Article title: Gender Differences in the Associations between Perceived Parenting Styles and Juvenile Delinquency in Pakistan
Author(s): Rubina Kauser, and Martin Pinquart
Institute(s): Child and Adolescent’s Psychology, Faculty of Psychology, Philipps University Marburg, Germany.
Journal: Pakistan Journal of Psychological Research, 2016, Vol. 31, No. 2, 549-568
Correspondence Address: Rubina Kauser, Child and Adolescent’s Psychology, Faculty of Psychology, Philipps University Marburg, Germany. E-mail: email@example.com
The present study identified gender differences in adolescents’ reports on their mothers’, fathers’ parenting styles, and in the associations between perceived parenting styles and juvenile delinquency. For this purpose, five schools were randomly selected from Lahore, Punjab, Pakistan. In total, 1140 students (11-17 years, 51% girls and 49% boys) with mean age of 13.4 years (SD = 1.4)filled in an amended version of the Parental Authority Questionnaire (Buri, 1991) and the Self-reported Delinquency Scale (Naqvi & Kamal, 2008). Results showed that reports on parenting styles varied by parental and adolescent gender. Authoritative parenting style was associated with lower levels of juvenile delinquency, whereas neglectful parenting was associated higher levels of delinquency. Moreover, perceived maternal parenting styles showed stronger relationships with juvenile delinquency than paternal parenting styles. Findings suggested that Baumrind’s parenting typology is applicable in developing countries like Pakistan. Therefore, it is concluded that there are more similarities than differences in results between Western countries and Pakistan.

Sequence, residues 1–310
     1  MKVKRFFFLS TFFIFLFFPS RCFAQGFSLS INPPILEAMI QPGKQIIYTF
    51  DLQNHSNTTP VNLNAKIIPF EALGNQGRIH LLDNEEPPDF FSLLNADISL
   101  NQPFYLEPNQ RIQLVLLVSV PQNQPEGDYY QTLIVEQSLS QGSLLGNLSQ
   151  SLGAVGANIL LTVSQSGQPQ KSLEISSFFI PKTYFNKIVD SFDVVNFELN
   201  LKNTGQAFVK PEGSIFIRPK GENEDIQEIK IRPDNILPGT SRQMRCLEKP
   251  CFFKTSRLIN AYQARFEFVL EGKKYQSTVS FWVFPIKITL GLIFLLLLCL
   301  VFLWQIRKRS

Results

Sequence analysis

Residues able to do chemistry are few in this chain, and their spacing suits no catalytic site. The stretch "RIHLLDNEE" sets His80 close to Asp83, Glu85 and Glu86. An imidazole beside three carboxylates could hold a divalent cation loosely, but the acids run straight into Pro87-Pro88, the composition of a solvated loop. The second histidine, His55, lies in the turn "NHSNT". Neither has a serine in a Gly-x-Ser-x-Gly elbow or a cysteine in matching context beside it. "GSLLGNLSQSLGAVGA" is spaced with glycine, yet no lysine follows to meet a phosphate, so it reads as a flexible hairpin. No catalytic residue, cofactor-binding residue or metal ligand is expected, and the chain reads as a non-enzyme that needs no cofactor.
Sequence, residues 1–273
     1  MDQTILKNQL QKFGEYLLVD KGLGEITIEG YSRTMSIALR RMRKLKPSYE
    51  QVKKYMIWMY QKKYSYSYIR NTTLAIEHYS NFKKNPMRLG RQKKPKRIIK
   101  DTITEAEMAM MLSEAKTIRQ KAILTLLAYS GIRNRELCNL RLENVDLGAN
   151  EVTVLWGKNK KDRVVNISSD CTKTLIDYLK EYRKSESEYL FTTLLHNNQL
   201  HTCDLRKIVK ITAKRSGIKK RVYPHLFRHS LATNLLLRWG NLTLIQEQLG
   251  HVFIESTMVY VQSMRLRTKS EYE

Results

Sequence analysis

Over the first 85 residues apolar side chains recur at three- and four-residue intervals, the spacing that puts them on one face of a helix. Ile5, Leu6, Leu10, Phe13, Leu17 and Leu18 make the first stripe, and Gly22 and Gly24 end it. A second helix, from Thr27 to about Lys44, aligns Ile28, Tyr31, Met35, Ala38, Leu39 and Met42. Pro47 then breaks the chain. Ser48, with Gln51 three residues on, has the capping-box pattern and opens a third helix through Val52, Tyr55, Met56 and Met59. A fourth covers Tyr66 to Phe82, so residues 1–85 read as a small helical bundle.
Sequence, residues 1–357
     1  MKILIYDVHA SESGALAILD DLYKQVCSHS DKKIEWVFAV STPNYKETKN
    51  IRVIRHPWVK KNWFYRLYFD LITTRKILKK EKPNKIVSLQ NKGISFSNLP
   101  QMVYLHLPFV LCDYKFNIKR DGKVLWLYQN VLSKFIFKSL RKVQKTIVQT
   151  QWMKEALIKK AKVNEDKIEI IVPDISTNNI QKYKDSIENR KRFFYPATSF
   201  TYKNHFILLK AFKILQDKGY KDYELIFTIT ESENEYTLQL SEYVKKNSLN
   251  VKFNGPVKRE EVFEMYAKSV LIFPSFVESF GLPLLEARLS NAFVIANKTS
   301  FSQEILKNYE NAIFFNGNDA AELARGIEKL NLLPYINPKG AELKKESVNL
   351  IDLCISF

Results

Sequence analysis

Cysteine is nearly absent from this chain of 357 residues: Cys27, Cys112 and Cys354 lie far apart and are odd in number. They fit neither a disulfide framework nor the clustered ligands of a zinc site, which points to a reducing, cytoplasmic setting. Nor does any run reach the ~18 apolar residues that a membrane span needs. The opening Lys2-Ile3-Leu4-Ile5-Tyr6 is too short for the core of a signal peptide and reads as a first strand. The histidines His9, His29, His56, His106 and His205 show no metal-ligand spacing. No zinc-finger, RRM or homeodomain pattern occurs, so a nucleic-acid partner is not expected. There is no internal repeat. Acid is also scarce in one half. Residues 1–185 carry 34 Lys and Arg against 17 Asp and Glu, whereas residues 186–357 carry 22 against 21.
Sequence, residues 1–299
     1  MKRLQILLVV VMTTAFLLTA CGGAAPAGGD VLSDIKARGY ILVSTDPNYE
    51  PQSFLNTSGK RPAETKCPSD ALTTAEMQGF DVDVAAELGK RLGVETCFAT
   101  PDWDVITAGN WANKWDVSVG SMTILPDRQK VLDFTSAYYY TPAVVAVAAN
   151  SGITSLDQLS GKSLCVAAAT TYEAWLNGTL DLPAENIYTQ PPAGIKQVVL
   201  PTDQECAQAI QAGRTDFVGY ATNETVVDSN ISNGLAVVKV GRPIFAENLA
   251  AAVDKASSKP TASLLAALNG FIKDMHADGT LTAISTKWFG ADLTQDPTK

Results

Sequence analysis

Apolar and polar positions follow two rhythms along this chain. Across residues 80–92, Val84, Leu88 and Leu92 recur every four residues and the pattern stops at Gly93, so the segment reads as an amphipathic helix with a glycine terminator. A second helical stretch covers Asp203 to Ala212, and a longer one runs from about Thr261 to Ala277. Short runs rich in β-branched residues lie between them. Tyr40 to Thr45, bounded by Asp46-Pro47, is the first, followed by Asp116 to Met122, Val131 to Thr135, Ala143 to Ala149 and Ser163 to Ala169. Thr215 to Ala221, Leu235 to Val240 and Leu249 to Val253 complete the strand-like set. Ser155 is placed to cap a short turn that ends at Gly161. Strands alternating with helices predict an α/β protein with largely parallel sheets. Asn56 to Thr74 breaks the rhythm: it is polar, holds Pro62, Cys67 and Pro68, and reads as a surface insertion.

Keywords. Parenting Styles, Juvenile Delinquency, Gender, Culture, Developing Countries